Purchasing.

Your buying decisions have a big impact.

Develop a green purchasing policy.

Environmentally preferable purchasing helps the environment — with significant savings for you. The NJ School Board Association offers sustainability consulting services for schools.

Give up disposables.

Work with your cafeteria to end the use of disposable cutlery, straws, and plates. Save money by switching to washable products.

Encourage BYO behaviors.

Offer water refill stations and space for staff and students to rinse their bottles or mugs, eliminating the need for plastic water bottles and disposable coffee cups.

Waste.

We’re getting buried in trash. You can help.

Reduce Food Waste.

Review the School Food Waste Guidelines prepared by the NJDEP for K-12 schools and higher education institutions.

Think about compost.

Consider collecting food waste and composting on-site to provide nutrients for your school garden. Start by collecting scraps only in the kitchen.

Make it low-waste.

Plan for bake sales and other school events to be low-waste events.

Train frequently.

Educate janitorial staff and aides, as well as teachers and administration, on collection rules. Ask volunteers to assist in education at the bins.

Clarify signs.

Clear and consistent signage is vital — check out DIYsigns or Recycle Across America.

Keep it together.

To prevent contamination, ensure your recycling and/or compost bins are kept beside a properly-labeled trash can.

Bring in special collections.

Granola bar wrappers and chip bags can get upcycled through special hard-to-recycle options.

Reuse supplies.

Encourage locker collections and other efforts to reuse school supplies.

Landscaping.

Your property has the potential to reduce our emissions, support wildlife, and save money.

Convert grass to a no-mow meadow.

Consider areas that could be planted with meadow grasses. This will support pollinators and birds and save you money from mowing maintenance.

Introduce natives & remove invasives.

Plenty of native plant options are aesthetically appealing and support the local eco-system.

Plant more trees.

Consider whether additional trees can be planted. They provide shade, soak up stormwater and are a carbon sink — just to name a few of the benefits!

Leave the leaves.

Have your landscaper mulch leaves back into your property. This nourishes your soil and reduce the need for costly fertilization.

Install green infrastructure.

Consider incorporating a rain garden or bioswales at the edges of parking lots and in other low areas. The more stormwater properties soak up, the less chance of water causing issues elsewhere.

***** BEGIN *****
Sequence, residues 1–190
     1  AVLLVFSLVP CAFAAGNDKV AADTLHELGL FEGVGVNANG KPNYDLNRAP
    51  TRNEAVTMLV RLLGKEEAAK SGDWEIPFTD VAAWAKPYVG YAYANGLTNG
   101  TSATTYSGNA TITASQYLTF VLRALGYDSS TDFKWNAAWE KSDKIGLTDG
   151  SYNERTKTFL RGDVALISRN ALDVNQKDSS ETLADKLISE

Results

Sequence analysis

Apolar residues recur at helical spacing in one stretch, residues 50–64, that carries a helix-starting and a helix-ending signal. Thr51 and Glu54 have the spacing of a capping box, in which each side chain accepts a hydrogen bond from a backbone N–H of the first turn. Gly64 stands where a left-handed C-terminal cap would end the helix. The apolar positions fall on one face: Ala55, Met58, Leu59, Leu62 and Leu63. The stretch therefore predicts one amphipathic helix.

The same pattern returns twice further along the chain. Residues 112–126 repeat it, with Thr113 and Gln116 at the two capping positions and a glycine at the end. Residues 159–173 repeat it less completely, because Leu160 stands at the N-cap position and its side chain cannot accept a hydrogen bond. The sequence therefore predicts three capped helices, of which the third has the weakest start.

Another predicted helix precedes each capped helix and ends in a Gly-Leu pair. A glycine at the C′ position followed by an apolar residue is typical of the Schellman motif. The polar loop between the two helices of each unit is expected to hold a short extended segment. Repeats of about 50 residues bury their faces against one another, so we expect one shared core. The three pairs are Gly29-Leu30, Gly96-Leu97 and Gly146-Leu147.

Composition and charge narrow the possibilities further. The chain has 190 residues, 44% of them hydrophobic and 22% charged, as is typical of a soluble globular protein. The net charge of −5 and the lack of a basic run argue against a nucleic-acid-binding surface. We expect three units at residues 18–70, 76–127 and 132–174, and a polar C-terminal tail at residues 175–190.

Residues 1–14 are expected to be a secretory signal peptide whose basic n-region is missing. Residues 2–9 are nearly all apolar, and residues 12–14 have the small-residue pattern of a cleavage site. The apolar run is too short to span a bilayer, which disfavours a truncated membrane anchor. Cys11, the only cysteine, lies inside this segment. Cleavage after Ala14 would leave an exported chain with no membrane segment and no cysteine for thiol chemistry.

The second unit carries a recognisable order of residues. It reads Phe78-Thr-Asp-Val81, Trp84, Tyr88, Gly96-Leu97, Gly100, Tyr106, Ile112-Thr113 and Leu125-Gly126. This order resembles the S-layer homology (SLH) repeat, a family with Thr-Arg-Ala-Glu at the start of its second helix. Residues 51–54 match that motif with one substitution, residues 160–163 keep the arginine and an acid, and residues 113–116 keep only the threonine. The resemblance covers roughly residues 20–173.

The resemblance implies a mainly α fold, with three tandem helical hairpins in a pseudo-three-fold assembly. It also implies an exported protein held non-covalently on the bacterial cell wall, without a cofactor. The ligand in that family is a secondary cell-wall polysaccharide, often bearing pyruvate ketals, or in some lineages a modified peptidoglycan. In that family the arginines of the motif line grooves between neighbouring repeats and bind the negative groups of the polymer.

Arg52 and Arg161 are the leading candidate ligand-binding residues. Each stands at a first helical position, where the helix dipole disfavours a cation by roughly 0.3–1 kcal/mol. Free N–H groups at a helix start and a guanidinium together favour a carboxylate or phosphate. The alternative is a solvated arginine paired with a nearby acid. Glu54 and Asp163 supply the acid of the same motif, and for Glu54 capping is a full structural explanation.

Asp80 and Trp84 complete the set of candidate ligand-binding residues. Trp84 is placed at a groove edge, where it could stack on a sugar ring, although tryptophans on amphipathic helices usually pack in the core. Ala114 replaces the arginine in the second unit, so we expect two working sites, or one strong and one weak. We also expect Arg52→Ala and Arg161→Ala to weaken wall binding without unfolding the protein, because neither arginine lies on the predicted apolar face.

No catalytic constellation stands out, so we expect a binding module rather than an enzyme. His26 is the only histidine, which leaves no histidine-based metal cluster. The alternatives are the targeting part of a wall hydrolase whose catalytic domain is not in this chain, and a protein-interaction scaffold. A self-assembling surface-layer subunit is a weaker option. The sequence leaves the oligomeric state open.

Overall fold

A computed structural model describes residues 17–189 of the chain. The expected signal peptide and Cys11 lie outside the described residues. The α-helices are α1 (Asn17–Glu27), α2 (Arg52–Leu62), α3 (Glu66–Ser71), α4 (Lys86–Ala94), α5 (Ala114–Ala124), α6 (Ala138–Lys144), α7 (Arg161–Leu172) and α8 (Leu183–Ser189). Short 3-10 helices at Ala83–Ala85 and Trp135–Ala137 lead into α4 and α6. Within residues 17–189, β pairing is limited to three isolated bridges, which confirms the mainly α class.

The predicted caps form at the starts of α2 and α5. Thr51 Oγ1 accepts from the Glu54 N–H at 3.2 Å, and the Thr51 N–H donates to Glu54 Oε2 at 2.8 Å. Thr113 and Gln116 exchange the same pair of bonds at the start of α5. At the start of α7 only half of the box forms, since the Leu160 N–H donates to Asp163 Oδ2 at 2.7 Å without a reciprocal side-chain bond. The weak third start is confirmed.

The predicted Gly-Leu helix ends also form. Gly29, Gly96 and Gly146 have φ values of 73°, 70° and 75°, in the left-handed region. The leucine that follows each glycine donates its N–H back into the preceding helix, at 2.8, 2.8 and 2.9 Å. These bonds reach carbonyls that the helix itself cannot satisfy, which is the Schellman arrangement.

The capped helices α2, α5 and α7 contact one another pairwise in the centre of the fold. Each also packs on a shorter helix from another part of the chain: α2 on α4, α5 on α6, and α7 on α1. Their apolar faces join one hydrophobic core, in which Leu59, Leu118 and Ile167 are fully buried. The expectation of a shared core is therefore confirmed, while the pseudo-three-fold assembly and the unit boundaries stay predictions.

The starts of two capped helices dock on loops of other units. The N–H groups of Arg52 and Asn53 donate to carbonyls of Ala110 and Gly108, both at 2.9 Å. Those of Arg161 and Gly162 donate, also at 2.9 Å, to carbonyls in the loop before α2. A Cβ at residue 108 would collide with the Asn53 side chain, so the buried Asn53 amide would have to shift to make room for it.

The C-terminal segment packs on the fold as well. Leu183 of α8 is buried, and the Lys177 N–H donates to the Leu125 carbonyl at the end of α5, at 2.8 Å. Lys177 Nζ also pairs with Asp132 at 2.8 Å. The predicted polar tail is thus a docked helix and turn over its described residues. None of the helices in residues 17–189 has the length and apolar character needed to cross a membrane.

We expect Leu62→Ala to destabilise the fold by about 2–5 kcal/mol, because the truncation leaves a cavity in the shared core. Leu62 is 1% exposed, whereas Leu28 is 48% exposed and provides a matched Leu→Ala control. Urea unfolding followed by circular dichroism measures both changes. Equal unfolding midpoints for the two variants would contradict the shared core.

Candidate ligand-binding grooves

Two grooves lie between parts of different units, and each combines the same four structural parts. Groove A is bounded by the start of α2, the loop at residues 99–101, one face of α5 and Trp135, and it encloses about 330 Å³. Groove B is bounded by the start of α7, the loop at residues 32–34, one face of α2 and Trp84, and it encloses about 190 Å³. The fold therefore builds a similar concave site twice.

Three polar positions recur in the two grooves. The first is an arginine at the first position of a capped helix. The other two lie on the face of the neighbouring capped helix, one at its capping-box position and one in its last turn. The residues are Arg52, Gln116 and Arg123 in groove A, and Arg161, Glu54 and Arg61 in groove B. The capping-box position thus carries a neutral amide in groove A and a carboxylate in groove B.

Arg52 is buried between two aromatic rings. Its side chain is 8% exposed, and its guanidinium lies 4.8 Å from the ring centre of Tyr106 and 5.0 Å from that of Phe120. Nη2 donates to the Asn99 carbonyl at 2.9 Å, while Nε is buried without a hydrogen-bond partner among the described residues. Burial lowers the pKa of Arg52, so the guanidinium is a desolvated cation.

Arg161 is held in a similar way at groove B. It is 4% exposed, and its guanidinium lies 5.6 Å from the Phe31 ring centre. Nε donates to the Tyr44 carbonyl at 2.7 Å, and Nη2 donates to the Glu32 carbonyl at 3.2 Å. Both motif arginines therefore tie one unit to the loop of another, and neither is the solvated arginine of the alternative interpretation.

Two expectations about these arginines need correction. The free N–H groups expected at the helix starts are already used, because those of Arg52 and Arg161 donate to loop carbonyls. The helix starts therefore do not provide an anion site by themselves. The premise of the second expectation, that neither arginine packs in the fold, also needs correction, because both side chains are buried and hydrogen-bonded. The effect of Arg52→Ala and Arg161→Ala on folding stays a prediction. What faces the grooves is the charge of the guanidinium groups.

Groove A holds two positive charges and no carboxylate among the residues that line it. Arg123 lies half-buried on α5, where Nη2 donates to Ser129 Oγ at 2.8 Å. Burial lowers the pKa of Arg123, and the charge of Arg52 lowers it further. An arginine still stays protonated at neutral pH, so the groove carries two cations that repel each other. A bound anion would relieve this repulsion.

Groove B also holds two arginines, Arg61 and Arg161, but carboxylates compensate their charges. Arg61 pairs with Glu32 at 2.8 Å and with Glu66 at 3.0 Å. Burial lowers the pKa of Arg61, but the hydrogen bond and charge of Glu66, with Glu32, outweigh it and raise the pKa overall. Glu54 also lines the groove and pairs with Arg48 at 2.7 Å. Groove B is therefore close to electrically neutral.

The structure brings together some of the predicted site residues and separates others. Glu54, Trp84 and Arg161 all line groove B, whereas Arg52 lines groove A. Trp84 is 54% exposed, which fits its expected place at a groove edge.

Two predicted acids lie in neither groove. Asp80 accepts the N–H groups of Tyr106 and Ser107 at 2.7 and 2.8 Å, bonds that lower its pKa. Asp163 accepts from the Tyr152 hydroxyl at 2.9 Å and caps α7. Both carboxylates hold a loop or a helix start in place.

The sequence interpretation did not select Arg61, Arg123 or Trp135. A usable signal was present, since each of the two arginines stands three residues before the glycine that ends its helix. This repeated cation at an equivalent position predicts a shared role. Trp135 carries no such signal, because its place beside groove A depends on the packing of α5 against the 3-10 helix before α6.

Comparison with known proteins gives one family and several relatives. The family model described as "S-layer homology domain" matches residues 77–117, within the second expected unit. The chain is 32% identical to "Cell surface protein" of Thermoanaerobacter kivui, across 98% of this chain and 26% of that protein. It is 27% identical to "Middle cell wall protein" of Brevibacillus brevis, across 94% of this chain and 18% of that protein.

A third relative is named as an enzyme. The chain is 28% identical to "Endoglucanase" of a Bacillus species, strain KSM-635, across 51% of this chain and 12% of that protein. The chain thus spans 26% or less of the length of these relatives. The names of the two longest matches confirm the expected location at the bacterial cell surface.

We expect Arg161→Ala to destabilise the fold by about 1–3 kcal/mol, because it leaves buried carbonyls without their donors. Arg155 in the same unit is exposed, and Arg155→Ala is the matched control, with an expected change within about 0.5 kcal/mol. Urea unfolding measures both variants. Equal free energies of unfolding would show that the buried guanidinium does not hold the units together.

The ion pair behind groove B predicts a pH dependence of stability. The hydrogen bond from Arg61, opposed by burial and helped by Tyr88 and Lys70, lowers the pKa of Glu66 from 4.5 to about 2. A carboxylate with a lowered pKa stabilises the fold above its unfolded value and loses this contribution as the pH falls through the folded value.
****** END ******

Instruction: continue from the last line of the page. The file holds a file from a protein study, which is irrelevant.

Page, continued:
Get rid of gas-powered lawn equipment.

If you don’t maintain your own property, seek out a landscaper that will use electric equipment and sustainable practices.

Looking for additional landscaping tips?

Check out our Yard guidance.

Join one of these programs today.

Be sure to get credit (and free promotion) for your actions! Join one of the following certification programs which provide a helpful roadmap and resources to achieve greater sustainability goals. Best of all, no one has to act alone!

Sustainable Jersey for Schools

A comprehensive program designed specifically for schools

LEARN MORE

NJ Sustainable Business Registry

Perfect for non-profits and higher education institutions

Learn More

Green Restaurant Association

A comprehensive pathway for cafeterias

Learn More

ReThink Disposable Campaign

Tips and assistance for cafeterias to reduce waste

Learn More

Quick Facts:

Did You Know?

Schools not to be left behind.

Six Princeton public schools are bronze-certified by Sustainable Jersey for Schools.

Check it out.

Review the Local Government Energy Audits for many New Jersey school districts, including the Princeton Public Schools, on this NJCEP webpage.

Moving right along.

At least ten different schools in New Jersey have developed an Energy Savings Plan. Check them out at this NJCEP webpage.

The Princeton Climate Action Plan

Climate change is here.

The Climate Action Plan provides a roadmap to reduce Princeton’s contribution to climate change and to prepare for its effects.

All hands on deck!

The plan requires the collective effort of the entire community — every neighborhood, business, and school — working together to ensure Princeton remains a prosperous and vibrant town for future generations.

Learn more.

The Princeton Climate Action Plan identifies multiple strategies to reduce our emissions from the goods and services we utilize.